Matt Hardy def. Sheamus to decide the stipulation for the title match at Extreme Rules. The Tag Champions will defend in a Steel Cage Match. Corey Graves called Cesaro the “Swiss Cyborg” during this match. I actually like that name bettie than Swiss Superman. They should use that.

I thought we’d get another Ladder Match with these two at the pay per view. But a Cage Match changes things up, and hopefully it’ll leave these guys with less wear and tear.

Austin Aries def. Tony Nese. Neville to defend against Aries in a Submission Match at Extreme Rules. Look for Aries’ knee to be part of the story at Extreme Rules. I’d love to see him get the belt. But if he doesn’t, I say we go to Akira Tozawa as the next challenger for Neville.

Alexa Bliss def. Mickie James, wallops her with a kendo stick. Great facial expressions from Alexa here. I like that they’re playing up the damage a kendo stick can do. I’m still not a fan of the Kendo Stick on a Pole stipulation, but at least they’re making the stick mean something.

Bray Wyatt and Samoa Joe def. Roman Reigns and Seth Rollins. Can we get another Roman Reigns vs. Samoa Joe match? Those guys are both dynamic, explosive, and they hit hard. Something about those Samoans…

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Bray Wyatt’s House of Horrors, Plus Ponderings From WWE Raw

By Rob Siebert
Editor, Fanboy Wonder

Aw c’mon. You guys can do better than that.

That was the one thing that went through my mind as I watched WWE’s first ever House of Horrors Match at Payback. As many expected, it was literally inside a house. They put a bunch of horror-type gimmicks inside, played with the lighting, and gave us some spooky music and sound effects. Later, they ended up back in the ring, a la the Boiler Room Brawl that Undertaker and Mankind had all those years ago.

This was fine. Worthy of a second one, if they decide to go that route. But they could have done so much more. The most twisted thing they did in this match was hanging a bunch of deformed baby dolls from the ceiling. Considering the presentation was so cinematic, it feels like they wasted an opportunity by playing it fairly safe.

For instance, WWE.com has played up the fact that this month marks Orton’s 15-year anniversary with the company. Why not have a little fun with that? Have Bray put some old photos of Orton on the wall and deface them to his liking. You can even play with old footage. If the story was that Bray has prepared this house to fight Orton in, they could have made this House of Horrors Match every bit as psychological as it is physical.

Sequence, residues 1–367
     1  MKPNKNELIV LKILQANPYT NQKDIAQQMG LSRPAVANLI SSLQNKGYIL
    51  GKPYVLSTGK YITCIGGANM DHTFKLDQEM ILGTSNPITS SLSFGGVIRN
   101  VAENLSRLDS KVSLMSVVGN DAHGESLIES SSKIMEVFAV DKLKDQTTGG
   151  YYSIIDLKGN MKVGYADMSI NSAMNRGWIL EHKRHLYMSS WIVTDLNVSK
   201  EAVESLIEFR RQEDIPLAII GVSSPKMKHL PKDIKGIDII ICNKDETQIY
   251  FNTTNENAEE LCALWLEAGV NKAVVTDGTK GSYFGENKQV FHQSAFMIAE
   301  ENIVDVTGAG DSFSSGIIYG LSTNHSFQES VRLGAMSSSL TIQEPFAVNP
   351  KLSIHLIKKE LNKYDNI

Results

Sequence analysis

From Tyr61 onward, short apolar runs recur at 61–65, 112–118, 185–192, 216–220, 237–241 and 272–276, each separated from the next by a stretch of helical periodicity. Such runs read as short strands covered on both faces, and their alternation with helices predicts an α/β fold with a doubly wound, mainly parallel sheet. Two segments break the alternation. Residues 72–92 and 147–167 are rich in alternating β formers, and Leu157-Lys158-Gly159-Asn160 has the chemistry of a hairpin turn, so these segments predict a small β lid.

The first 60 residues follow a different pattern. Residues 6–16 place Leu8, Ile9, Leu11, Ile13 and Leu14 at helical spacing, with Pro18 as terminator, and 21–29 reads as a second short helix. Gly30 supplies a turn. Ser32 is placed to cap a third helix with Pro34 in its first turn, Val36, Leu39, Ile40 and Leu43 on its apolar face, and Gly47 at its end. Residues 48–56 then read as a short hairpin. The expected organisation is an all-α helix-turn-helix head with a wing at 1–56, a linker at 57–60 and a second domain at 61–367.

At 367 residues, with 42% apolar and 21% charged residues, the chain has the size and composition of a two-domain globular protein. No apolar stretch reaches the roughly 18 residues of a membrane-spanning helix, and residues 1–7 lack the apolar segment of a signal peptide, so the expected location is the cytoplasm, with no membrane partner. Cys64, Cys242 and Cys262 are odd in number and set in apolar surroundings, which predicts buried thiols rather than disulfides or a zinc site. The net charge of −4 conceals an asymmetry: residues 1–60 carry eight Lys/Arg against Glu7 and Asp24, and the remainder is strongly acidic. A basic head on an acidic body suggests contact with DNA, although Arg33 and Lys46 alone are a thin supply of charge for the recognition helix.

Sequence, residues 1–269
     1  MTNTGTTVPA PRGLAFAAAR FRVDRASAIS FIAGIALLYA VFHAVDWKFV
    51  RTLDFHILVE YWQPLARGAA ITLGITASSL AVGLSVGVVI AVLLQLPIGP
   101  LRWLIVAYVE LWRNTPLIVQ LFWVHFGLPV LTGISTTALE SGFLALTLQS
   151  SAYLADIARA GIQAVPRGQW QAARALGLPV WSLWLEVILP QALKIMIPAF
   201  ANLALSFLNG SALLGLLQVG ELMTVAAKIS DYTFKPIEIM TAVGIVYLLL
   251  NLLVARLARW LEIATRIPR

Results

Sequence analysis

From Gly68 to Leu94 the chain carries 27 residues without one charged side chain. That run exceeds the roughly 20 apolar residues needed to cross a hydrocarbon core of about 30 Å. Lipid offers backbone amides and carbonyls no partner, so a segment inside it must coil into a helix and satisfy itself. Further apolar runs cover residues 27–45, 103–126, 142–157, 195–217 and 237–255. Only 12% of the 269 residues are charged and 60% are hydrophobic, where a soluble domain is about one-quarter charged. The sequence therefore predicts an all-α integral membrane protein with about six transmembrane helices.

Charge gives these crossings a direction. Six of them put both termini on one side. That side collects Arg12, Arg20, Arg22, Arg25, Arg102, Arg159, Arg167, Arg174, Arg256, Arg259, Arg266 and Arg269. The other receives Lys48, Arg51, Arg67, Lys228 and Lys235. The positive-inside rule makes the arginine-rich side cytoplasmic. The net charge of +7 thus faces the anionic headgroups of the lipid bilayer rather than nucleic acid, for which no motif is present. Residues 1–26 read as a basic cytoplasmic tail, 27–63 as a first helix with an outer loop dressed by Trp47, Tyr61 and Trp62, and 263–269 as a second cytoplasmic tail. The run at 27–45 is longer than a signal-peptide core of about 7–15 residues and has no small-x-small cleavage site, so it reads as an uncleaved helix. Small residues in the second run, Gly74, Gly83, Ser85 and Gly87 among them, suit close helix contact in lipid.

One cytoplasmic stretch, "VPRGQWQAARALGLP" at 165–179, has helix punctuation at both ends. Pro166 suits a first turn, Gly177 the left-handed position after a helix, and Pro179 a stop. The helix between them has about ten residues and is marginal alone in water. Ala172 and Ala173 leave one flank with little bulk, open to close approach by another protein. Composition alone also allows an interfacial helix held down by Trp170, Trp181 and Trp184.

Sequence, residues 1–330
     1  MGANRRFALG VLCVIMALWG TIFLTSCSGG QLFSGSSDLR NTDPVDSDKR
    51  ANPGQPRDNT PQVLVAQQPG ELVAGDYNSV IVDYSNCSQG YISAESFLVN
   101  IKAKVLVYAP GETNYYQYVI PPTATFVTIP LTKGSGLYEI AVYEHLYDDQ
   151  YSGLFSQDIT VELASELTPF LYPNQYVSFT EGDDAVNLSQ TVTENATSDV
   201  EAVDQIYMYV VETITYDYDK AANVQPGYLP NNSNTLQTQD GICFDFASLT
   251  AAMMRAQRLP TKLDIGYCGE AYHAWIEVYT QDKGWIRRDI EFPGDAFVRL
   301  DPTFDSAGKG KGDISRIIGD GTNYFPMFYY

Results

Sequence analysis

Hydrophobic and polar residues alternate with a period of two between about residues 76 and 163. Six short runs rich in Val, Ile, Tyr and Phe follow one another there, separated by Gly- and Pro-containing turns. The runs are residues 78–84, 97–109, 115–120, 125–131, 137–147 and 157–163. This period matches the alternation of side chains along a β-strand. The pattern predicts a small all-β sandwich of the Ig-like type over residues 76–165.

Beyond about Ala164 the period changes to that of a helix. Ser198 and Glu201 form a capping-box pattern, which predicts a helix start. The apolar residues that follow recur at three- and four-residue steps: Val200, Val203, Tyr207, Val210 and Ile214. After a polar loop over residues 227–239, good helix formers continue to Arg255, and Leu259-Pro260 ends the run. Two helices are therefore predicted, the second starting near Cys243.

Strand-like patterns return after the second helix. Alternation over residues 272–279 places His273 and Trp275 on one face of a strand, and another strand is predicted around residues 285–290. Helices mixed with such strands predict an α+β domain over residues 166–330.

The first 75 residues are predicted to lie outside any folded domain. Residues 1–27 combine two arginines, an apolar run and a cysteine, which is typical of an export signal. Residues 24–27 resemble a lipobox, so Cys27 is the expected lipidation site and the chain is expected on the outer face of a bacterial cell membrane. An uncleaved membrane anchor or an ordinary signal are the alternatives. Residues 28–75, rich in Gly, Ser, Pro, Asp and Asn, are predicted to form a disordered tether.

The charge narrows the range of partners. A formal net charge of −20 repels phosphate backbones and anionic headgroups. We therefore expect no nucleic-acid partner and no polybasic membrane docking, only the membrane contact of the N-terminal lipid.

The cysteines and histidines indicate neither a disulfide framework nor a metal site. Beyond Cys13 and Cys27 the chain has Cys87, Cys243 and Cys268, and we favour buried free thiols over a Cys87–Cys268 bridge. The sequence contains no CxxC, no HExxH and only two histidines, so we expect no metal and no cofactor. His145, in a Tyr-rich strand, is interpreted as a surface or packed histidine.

One person who should be very happy about how this match was presented? Matt Hardy. The House of Horrors Match was clearly influenced by the “Final Deletion,” “Delete or Decay,” and a lot of the Broken stuff they did in Impact Wrestling. Imitation is the most sincere form of flattery, I suppose. And this isn’t the first time WWE has used Bray Wyatt to imitate what Matt and Jeff Hardy did in Impact. Broken Matt’s arrival in WWE seems inevitable at this point. So a match like this between Matt and Bray would undoubtedly make for interesting television.

They also went with the right finish, which saw Jinder Mahal and the Singh Brothers (formerly the Bollywood Boyz) come in and cost Orton the match. Hey Jinder? Next time be a little more convincing with that belt shot to the back of the head. Looked more like a shot to the shoulder…

Ponderings From Raw

Alexa Bliss holds a coronation ceremony for herself. In a subsequent match, Bliss, Nia Jax, Emma, and Alicia Fox defeat Bayley, Sasha Banks Mickie James, and Dana Brooke. “The Queen is dead.” That was an interesting little line, obviously directed at Charlotte Flair. Last night at Payback, Alexa Bliss became the first woman to have held both the Raw and Smackdown Women’s Titles. That’s a distinction that many, myself included, thought Charlotte Flair would achieve first. For all intents and purposes, she’s been the face of the so-called women’s revolution. So it’s nice to see someone else get a landmark win.

The match didn’t do much for me. But I did love Bayley’s facial expressions during the coronation segment. Don’t be fooled, folks. The long term story here is still about Bayley and Sasha.

Luke Gallows def. Enzo Amore. We were at about the 40 minute mark here, and it became obvious that this show was missing something. Normally by this point we’ve seen Roman Reigns, Seth Rollins, or somebody involved in the top storyline on the show. This week, that would have been either Reigns or Braun Strowman. As we hadn’t seen them yet, things felt oddly cold.

In all fairness, Enzo and Gallows had a decent match. Has Gallows lost some weight?